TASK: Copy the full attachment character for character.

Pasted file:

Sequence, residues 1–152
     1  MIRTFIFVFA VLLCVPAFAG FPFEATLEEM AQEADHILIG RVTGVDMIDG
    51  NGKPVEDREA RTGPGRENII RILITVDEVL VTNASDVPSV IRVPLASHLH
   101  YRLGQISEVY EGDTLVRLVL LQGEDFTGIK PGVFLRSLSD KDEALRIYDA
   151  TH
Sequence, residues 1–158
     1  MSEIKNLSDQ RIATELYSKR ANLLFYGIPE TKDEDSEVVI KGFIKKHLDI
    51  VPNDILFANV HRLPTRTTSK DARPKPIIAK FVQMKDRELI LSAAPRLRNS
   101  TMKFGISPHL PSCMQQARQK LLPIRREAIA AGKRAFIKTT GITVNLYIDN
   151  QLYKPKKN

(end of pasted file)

Sequence, residues 1–152
     1  MIRTFIFVFA VLLCVPAFAG FPFEATLEEM AQEADHILIG RVTGVDMIDG
    51  NGKPVEDREA RTGPGRENII RILITVDEVL VTNASDVPSV IRVPLASHLH
   101  YRLGQISEVY EGDTLVRLVL LQGEDFTGIK PGVFLRSLSD KDEALRIYDA
   151  TH
Sequence, residues 1–158
     1  MSEIKNLSDQ RIATELYSKR ANLLFYGIPE TKDEDSEVVI KGFIKKHLDI
    51  VPNDILFANV HRLPTRTTSK DARPKPIIAK FVQMKDRELI LSAAPRLRNS
   101  TMKFGISPHL PSCMQQARQK LLPIRREAIA AGKRAFIKTT GITVNLYIDN
   151  QLYKPKKN